By Joseph Devine
Is there a fish in your tank that has started to look and act a little weird? Is it swimming odd, scratching against rocks or lethargic? Does the fish have suspicious white dots growing on its body? These spots look as if the fish has been sprinkled with a salt shaker. If the answer to these questions is yes, your fish likely has Ichthyophthirius Multifiliis or Ich.
Ich is the most common disease of fresh water fish. And while you may be concerned about the state of the fish that currently has Ich, your worries should be based more on the rest of the fish in your tank.
Ich is highly contagious and once one fish has it, the entire tank is at risk of becoming infected. And what started as a problem with one fish will soon become the equivalent of a plague in your tank if fast action is not taken.
The Life Cycle of Ich
In order to understand how to go about treating your fish for Ich, you need to know about the life cycle of Ichthyophthirius Multifiliis.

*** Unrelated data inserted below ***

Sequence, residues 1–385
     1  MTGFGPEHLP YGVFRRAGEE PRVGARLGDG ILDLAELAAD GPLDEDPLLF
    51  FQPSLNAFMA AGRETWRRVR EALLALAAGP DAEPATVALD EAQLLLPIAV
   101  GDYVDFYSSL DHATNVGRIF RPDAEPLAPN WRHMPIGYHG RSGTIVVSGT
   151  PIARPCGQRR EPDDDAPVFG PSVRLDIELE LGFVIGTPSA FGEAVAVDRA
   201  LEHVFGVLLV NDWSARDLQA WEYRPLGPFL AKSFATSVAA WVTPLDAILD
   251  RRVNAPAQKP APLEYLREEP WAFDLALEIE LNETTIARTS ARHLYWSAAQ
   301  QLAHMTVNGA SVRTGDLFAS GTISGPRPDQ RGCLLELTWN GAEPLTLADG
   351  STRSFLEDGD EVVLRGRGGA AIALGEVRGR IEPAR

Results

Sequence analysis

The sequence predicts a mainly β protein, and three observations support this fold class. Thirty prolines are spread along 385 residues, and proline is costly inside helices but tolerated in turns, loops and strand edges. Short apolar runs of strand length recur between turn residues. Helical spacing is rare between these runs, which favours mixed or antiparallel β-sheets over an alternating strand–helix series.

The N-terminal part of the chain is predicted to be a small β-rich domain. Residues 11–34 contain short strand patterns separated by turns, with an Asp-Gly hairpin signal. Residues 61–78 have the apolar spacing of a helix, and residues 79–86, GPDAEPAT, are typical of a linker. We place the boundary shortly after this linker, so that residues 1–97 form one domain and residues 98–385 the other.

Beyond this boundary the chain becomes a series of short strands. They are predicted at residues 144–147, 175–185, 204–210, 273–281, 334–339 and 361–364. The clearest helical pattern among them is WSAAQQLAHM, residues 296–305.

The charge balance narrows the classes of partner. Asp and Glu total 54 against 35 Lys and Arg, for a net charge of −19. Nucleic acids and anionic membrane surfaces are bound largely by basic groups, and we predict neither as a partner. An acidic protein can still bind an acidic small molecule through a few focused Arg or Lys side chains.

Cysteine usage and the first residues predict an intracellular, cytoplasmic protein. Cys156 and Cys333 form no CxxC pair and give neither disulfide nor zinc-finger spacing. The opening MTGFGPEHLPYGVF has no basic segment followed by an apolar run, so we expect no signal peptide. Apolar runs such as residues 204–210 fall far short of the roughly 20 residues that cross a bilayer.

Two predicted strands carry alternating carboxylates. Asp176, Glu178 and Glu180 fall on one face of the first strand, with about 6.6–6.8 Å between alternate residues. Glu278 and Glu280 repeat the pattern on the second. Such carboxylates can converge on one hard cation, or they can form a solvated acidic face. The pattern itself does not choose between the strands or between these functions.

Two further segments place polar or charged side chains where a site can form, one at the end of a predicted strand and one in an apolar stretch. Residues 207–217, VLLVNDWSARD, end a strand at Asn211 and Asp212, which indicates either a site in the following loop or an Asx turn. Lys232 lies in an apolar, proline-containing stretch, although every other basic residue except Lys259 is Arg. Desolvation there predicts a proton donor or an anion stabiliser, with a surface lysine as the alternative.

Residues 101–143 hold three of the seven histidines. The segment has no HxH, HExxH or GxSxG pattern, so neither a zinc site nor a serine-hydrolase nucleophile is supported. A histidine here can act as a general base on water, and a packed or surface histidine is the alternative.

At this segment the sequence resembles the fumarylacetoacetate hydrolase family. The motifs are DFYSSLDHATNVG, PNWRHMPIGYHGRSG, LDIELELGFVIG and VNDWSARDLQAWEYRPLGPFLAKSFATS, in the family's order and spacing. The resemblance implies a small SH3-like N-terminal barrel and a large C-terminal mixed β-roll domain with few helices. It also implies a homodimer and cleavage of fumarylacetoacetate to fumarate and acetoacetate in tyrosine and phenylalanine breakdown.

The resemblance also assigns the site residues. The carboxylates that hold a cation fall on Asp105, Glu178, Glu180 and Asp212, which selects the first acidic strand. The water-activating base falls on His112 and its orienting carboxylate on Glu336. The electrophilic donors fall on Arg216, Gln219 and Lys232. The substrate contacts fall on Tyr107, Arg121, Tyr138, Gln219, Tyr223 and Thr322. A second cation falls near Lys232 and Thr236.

Ich is caused by the protozoa ichtyopthiruis. It is an ectoparasite and essentially feeds off of your fish's body when the fish becomes infected. The stages of Ich include:
Feeding stage-the parasite feeds in a nodule (the white spots) formed in the skill or gill.
Encapsulated dividing stage-after feeding the parasite falls off the fish and adheres to plants, nets, gravel or other ornamentation in the aquarium.
Binary fission-the Ich rapidly divides up to 10 times and takes hold of the entire tanks, attacking any other fish in the tank.
The rate at which the life cycle of the parasite moves is largely dependent on the water temperature in the tank. The life cycle is significantly sped up the higher the temperature of the water.
There are a number of ways of treating Ich that differ greatly based on the type of fish in your aquarium. But the first approach to treating Ich should be separating the infected fish from the rest of the fish in the aquarium as soon as possible.
Once it is separated you can treat the infected fish, but remember to also treat the entire tank as well! Once Ich can be easily seen on a fish, it is likely already on its way to infecting the whole aquarium.
For more information on Ich, visit the website of Austin Vet Clinic today.